Lady A press pic
Lady A, courtesy Red Light Management

Lady A, newest member of the Grand Ole Opry, establishes scholarship at AU

One of country music’s biggest recording acts with ties to Augusta has received one of Nashville’s highest honors.

On Jan. 21, Lady A was invited to become members of the Grand Ole Opry.

Van Haywood
Dr. Van Haywood

Two of the three members of Lady A — Dave Haywood and Charles Kelly — are Augusta natives and Haywood’s father, Dr. Van Haywood, is a restorative sciences professor at the Dental College of Georgia at Augusta University.

“I was just amazed that my son’s records, that my son’s group was playing on the Grand Ole Opry. It was a shock to all of us, but oh, my gosh, what an honor. If you’re in country music, that’s your dream to play the Grand Ole Opry. Then to get invited to be a member of the Grand Ole Opry is huge. We were thrilled,” Haywood said. “Grand Ole Opry is not only the quality of the music, but the quality of the person.”

Lady A has formed a foundation, “Lady Aid,” that aims to bring awareness to numerous initiatives around the world. Those initiatives range from helping vulnerable children and addressing societal and cultural issues to natural disaster aid and recovery.

Lady Aid recently partnered with Augusta University’s Department of History, Anthropology, and Philosophy at Katherine Reese Pamplin College of Arts, Humanities, and Social Sciences to create the Storytellers Scholarship.

This scholarship partners Lady A with Dr. Holly Pinheiro and the Racial & Social Justice Project, sponsored by the Center for Social Science Research at AU, which examines racial and social injustices from historical and structural perspectives. The goal is to bring about meaningful change from scholarly inquiry and dialogue to educate the broader public.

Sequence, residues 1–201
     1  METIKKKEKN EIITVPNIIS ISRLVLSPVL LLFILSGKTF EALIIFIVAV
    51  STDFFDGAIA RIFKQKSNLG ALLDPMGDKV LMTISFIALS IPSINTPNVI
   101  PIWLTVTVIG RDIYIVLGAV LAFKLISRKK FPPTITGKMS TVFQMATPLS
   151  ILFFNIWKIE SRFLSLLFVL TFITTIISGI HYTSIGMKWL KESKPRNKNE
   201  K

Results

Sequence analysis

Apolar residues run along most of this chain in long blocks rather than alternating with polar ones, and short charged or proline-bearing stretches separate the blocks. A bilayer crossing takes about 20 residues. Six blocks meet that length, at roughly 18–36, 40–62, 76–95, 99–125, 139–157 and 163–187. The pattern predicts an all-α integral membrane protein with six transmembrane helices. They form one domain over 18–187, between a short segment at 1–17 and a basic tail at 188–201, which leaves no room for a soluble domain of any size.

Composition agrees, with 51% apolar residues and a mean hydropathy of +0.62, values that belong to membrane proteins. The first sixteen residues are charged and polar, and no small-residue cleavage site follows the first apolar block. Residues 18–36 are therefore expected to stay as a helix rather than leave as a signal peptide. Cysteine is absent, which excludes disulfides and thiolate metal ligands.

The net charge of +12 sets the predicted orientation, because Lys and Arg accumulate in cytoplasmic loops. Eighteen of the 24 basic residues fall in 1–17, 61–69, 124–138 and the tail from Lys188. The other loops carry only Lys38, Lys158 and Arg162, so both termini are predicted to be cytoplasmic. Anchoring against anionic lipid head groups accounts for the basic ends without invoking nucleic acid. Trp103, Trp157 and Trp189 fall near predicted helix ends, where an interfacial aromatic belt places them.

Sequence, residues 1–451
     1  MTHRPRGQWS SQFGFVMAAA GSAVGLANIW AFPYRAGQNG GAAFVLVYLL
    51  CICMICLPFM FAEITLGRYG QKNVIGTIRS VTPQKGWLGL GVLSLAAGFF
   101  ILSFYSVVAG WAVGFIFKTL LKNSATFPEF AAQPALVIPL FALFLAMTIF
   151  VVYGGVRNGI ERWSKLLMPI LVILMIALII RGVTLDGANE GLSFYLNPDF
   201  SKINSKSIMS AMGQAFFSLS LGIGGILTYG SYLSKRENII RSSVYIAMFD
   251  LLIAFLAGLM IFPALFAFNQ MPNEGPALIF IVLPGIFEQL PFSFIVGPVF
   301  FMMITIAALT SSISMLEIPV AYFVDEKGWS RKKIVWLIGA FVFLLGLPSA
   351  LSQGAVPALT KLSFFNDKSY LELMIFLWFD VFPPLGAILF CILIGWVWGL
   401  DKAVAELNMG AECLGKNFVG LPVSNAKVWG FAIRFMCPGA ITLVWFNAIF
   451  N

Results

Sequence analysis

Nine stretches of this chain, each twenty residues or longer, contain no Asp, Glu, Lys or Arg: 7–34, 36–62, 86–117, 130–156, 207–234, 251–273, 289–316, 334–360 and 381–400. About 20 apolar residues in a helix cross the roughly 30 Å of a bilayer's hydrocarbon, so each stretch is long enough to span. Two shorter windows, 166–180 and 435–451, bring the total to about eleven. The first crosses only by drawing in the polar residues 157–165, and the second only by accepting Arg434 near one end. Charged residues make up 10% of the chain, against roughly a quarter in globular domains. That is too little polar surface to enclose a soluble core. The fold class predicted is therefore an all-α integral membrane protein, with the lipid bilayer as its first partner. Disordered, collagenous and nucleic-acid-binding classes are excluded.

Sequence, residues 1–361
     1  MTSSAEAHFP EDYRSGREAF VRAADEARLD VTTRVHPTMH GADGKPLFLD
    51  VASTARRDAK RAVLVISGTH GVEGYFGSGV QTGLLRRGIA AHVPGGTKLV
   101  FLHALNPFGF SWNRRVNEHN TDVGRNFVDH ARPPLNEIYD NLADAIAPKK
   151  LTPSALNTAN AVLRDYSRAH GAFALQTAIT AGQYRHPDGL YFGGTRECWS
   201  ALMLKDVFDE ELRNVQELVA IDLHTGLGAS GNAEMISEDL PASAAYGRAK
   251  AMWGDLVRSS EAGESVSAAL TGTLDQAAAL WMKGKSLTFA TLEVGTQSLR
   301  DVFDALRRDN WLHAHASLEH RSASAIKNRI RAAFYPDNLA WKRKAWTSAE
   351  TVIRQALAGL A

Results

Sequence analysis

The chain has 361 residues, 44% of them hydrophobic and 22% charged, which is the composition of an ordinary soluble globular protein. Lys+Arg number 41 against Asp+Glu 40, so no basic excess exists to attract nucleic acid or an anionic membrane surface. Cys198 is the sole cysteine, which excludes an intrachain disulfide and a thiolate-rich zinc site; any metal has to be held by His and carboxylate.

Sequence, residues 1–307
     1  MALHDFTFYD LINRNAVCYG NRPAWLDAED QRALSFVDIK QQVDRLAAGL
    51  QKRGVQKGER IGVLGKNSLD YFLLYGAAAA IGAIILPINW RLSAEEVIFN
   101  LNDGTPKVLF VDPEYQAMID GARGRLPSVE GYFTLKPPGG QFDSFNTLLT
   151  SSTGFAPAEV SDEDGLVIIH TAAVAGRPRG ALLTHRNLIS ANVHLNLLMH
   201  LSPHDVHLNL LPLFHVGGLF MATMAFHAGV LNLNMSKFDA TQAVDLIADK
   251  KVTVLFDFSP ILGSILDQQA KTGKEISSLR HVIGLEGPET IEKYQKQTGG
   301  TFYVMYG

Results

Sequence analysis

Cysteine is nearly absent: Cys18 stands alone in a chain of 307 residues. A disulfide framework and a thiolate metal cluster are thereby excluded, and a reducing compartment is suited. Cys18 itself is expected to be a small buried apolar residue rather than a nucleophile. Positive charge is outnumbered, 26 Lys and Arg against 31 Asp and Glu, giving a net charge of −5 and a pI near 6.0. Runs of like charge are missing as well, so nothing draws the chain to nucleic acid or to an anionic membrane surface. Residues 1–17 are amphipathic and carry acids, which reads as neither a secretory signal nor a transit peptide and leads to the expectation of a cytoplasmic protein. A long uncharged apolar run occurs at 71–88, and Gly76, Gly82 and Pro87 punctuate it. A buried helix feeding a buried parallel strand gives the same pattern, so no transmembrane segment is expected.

The scholarship funds history majors who demonstrate financial need and those who identify with historically underrepresented groups.

“I think Dave and Holly had such a great friendship develop and out of [Lady A’s name change] and Dave was trying to see what he could do to make a difference for the town that he grew up in,” Haywood said.

Although it has been a tumultuous time period, the group recently had a No. 1 song in contemporary Christian radio with Chris Tomlin. The following month, they had a No. 1 song in country radio with Champagne Nights.

“Then they received this invitation to the Grand Ole Opry,” Haywood said. “All three of those [achievements] were a validation, in spite of all the things that were going on and the grief they caught about the name change — which was a heartfelt change because they believed in what they were doing — and that was the right thing to do in relating to other people, not to have anybody feel like they couldn’t listen to their music.”

Members of the Grand Ole Opry must be invited and regularly perform in Nashville at the Opry to maintain their membership.

“It was a total shock for us and a total shock for them. They didn’t even know that was happening. Darius Rucker came on to their taping [and invited them] and they didn’t have a clue,” Haywood added.

Haywood explained that being Dave’s father is a surreal experience, but Dave has remained the same.

“You see your son on TV and think, that’s my son. He’s the same as he was when he was at home,” he said.

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Written by
Maddie Burgin

Maddie Burgin is a media relations intern in the Department of Communications and Marketing. She is currently a senior majoring in communications at Augusta University.

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Written by Maddie Burgin

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